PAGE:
Thermochemical Processing

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A method of converting biomass into desired fuels and chemicals is by using thermal gasification or pyrolysis technology. Gasification technology converts various forms of biomass into gaseous mixtures containing hydrogen, carbon monoxide, methane, and carbon dioxide and these molecules can be used as building blocks for a variety of chemicals and fuels. The gasification system depends heavily on the type of feedstock and correct matching is required for optimal results. The technology for large-scale biomass processing and subsequent gas cleaning using advanced catalysts has still not been demonstrated. Furthermore, the conversion of syngas to biofuels via the Fischer-Tropsch reaction has not been demonstrated and further research into catalysis and technology is required - 55]. There are a number of gasification plants around the world which generate electricity such as Guessing, Austria (2 MWe), Lahti, Finland (15 MWe), and Vermont, USA (15 MWe). Cofiring of syngas in existing pulverized coal and natural gas combustors has been successfully commercialized. In order to make gasification technology feasible for fuel and power production, any potential large-scale plant will require vast amount of biomass to be transported to the site. The transportation of biomass to central processing locations such as gasification sites or power stations could be made more efficient by using technologies such as pyrolysis.

The products of pyrolysis are in the form of gas, liquid, and solid which have direct uses for chemical, heat, fuel, and power applications. Pyrolysis occurs in the absence of oxygen and a variety of biomass feedstocks have been investigated such as wood chips, straws, and energy crops. Furthermore pyrolysis technology could be integrated in biorefineries, for example, glycerin from biodiesel production could be processed to produce valuable products. Lignin is an abundant coproduct of cellulose hydrolysis and has no use in fuel production. Due to evolution, its structure has developed to resist chemical and microbial attack from the environment and, therefore, it is an extremely difficult material to process. Lignin can be easily broken down using pyrolysis to biochar and bio-oil. The bio-oil can be used directly as a fuel in modified combustion engines, and as it contains a cocktail of chemicals it can be used as a feedstock for the chemical industry. The biochar can also be used as a fuel for energy production in coal-fired power stations and biomass boilers. However, there still remain significant challenges with separating the chemicals within the bio-oil. Furthermore stability of the bio-oil is a key issue and as yet no commercialization of the oil has taken place. The biochar can be used as a soil additive or as a solid biofuel; however, research on the effectiveness of the char still remains to be done.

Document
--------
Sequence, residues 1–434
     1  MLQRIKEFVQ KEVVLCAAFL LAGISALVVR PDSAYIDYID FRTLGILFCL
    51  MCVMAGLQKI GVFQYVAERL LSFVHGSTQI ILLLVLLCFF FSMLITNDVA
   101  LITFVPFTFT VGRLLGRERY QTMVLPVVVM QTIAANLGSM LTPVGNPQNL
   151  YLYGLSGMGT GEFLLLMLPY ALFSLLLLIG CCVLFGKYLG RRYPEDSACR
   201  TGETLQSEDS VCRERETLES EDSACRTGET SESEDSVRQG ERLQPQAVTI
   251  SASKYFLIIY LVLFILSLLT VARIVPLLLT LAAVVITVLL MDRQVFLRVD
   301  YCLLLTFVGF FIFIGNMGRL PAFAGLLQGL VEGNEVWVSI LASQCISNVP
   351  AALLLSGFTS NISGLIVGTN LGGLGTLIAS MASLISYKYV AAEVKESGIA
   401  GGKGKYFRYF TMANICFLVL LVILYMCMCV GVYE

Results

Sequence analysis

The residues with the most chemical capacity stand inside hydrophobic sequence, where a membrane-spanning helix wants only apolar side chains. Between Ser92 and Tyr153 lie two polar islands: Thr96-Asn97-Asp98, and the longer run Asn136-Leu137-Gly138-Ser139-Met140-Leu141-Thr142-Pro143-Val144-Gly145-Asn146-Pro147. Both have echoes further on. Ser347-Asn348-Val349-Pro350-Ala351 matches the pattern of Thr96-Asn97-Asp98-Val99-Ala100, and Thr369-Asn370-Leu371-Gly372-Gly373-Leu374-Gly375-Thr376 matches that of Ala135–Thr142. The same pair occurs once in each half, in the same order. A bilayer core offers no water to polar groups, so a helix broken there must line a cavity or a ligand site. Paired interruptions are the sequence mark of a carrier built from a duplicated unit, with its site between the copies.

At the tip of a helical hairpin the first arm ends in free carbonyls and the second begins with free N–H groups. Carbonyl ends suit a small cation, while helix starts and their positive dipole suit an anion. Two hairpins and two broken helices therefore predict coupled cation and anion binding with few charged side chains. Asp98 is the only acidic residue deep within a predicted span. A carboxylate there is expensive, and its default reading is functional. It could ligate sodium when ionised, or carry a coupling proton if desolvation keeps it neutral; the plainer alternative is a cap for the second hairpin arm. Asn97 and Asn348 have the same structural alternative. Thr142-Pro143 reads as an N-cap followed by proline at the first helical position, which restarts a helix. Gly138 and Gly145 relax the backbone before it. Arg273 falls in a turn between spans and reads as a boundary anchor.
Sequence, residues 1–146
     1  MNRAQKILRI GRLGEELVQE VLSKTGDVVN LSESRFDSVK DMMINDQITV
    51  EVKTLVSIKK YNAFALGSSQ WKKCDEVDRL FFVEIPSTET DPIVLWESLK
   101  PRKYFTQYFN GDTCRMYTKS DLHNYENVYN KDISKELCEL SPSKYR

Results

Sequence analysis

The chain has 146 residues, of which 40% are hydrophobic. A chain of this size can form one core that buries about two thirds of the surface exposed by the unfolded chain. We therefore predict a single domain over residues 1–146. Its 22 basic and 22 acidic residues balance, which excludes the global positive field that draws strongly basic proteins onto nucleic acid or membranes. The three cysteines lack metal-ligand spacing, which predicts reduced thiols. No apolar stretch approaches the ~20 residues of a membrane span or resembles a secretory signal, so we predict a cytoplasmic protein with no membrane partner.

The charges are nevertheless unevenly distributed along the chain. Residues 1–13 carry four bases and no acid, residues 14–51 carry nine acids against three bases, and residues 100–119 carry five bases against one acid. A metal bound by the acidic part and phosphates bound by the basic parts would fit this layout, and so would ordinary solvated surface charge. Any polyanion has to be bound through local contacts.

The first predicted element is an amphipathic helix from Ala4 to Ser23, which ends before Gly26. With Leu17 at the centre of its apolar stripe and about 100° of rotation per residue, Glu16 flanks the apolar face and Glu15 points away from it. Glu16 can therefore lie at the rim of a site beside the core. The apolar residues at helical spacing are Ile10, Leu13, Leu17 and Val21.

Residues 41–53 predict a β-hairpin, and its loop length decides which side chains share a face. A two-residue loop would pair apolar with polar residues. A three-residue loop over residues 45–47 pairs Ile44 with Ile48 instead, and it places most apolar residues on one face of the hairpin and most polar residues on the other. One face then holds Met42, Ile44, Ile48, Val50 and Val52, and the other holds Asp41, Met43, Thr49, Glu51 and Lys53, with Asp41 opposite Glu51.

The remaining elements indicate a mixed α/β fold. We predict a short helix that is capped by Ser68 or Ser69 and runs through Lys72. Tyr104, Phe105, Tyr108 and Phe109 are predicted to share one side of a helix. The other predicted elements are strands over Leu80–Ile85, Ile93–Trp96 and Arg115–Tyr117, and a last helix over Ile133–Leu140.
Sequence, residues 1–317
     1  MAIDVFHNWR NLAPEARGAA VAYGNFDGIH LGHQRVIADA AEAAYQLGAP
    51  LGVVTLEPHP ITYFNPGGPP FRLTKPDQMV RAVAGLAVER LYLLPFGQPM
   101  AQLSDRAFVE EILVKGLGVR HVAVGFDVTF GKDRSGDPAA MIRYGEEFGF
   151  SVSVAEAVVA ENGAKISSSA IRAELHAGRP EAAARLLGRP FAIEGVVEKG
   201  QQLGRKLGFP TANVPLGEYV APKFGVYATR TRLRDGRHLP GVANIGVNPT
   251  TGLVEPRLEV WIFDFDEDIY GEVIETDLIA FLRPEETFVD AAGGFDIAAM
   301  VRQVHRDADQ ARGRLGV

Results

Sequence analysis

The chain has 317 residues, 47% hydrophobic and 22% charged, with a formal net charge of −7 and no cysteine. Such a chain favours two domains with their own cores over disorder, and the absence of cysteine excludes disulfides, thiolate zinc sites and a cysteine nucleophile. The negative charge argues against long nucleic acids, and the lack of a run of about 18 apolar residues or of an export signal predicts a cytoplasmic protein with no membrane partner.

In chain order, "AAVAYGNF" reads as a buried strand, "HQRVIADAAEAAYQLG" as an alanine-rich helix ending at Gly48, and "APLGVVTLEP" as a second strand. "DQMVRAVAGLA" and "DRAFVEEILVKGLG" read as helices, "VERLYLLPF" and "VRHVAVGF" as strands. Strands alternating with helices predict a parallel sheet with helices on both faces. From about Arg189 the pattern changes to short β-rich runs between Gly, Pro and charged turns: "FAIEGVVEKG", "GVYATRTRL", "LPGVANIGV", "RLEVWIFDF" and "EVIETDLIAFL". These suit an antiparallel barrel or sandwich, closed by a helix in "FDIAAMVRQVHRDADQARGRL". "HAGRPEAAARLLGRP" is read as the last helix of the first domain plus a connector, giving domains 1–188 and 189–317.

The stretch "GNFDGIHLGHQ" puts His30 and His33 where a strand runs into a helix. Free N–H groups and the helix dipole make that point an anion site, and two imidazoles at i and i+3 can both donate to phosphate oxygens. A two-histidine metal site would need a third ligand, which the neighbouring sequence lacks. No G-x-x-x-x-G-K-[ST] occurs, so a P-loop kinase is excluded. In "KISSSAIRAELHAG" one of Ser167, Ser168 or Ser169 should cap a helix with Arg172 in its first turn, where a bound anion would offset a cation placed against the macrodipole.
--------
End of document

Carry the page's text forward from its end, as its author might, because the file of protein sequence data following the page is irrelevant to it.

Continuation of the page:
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Guide to Alternative Fuels

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